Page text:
How to Help Your Son and Daughter to Pray
“He who rushes from his bed to his business and waits not to worship in prayer, is as foolish as though he had not put on his clothes or washed his face; and is as unwise as though he dashed into battle without arms or armor” (Anonymous).
The fact that the apostles came to Jesus and asked, “Teach us to pray” (Luke 11:1) tells us that Christ’s prayers were different than their prayers. They had heard His prayers. And they knew that to be often alone with God was His secret to a powerful devotional life. No doubt they wanted the same devotion to characterize their lives, and their only hope was to learn to pray like Jesus prayed. The same will be true of our sons and daughters.
If they see us praying—making the same connection the apostles did—our sons and daughters may also ask, “Mom and Dad, teach us to pray.” To help you when the time comes, let’s consider the “model prayer” given by Jesus to His friends.
One powerful tool is to personalize the Lord’s Prayer (Matthew 6:9-13) adapting it to individual needs. This is an invaluable thing to pass on to our sons and daughters, and it looks like this: My Father, who has shown me fatherly love through __________________________. You have shown my need to be reverent through __________________________. You have revealed Your holiness to me by______________________. I became a member of your kingdom on (Baptismal date)___________________and am ministering in (parish)______________to work for the coming of Your kingdom. I need Your will to be done in _______________ and commit myself to doing what You reveal Your will to be. My basic needs today are ________________________. I trust You to supply them, and I will not waste my energy worrying about them. I have forgiven _________________ and want to forgive anyone who has wronged me. I _______________________ ,________________, and ___________________. I know Satan’s power is luring me to do what is wrong. I trust Your much stronger power to lead me away from temptation, and so I commit myself now to follow Your leadership.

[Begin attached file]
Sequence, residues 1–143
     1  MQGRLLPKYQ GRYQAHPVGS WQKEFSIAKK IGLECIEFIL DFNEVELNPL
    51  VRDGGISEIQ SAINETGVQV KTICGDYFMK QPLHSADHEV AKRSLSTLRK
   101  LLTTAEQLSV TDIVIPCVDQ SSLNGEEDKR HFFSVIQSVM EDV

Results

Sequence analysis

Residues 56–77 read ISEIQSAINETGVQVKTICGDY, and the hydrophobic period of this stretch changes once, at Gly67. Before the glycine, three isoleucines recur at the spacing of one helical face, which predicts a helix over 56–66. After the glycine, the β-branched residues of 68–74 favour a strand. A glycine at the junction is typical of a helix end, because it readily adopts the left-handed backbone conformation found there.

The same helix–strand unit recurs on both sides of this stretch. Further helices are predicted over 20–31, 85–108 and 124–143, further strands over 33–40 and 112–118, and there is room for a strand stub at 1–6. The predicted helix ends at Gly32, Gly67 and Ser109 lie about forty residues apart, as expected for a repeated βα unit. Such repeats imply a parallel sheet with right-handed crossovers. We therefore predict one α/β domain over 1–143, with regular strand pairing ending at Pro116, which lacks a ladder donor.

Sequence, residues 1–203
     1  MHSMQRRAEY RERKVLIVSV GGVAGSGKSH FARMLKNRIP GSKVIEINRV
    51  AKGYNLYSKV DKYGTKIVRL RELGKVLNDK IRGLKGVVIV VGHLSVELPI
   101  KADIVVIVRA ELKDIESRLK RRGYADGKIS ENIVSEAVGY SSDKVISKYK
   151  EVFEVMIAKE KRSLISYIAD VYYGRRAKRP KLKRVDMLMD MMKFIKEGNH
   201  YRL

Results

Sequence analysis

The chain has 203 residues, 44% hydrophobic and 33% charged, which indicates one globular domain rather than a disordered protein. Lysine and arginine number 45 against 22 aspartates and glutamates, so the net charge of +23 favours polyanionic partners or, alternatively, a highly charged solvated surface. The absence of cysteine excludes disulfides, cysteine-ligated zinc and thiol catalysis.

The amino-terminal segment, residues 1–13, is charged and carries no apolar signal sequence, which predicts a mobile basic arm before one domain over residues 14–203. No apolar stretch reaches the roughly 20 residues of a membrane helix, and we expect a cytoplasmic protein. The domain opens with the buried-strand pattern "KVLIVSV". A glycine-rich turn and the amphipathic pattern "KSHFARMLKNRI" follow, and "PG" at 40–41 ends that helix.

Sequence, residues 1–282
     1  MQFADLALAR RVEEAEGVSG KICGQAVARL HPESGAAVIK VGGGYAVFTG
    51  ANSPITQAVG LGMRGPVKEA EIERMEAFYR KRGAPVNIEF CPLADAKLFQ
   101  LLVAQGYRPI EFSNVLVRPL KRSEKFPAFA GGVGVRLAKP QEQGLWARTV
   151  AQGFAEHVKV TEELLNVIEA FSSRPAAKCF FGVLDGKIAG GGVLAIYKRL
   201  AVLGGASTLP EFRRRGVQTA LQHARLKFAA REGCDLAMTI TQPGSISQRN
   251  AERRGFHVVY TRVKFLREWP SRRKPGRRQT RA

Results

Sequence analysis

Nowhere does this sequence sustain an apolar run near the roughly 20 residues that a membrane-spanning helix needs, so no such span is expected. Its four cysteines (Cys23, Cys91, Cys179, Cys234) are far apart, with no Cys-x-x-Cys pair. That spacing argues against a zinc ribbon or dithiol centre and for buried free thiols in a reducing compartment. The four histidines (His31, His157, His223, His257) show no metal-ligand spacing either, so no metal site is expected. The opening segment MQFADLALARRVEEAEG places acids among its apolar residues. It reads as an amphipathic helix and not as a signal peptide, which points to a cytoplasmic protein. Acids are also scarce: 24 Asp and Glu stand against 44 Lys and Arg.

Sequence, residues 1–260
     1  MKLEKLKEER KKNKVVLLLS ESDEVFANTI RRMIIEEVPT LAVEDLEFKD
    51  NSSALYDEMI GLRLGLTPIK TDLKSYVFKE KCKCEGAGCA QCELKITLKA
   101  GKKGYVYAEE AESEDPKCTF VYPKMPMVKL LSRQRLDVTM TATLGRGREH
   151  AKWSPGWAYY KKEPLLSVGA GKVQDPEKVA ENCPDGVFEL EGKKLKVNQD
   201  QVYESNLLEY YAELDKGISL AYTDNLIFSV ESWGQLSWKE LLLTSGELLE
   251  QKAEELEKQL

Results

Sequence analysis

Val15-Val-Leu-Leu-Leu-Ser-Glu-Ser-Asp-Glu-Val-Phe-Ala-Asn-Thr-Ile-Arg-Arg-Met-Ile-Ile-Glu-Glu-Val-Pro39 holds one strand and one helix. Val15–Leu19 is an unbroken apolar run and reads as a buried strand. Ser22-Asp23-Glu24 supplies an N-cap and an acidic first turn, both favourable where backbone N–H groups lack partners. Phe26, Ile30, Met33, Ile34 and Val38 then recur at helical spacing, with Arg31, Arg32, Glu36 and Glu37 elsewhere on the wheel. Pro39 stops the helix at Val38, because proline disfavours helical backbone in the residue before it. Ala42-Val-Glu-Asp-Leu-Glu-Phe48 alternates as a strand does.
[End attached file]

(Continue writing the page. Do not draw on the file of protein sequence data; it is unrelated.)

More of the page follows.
Parents, let’s not forget the words of Christ in Matthew 21:13: “My house will be called a house of prayer.” Here Jesus is referring to the temple, but our bodies are Christ’s “home” on earth. And prayer reminds us that we are not our own, because we were bought with a price. Teaching our sons and daughters to pray will enable them to, likewise, drive out all that distracts them from honoring God with their bodies (see 1 Corinthians 6:20).
Here are some excellent resources on prayer for you and your son and daughter to read: 1. Bill Hybels, Too Busy Not to Pray (Downers Grove, Ill.: InterVarsity Press, 1988); 2. E. M. Bounds, Power Through Prayer (Chicago: Moody Press, 1979); 3. Jack Hayford, Prayer Is Invading the Impossible (Plainfield, N.J.: Logos, 1977); 4. Wesley Duewel, Mighty Prevailing Prayer (Grand Rapids: Zondervan, 1990).
(This article is adopted from The Rev. Dr. O’Donnell’s new book coming out this October, What a Son Needs from His Dad, by Bethany House/Baker Books; and was recently published as an article in the August 2011 issue of The Colorado Catholic Herald.)
 Disciples Study Bible, New International Version; Zondervan Corporation; “Life Helps” Section.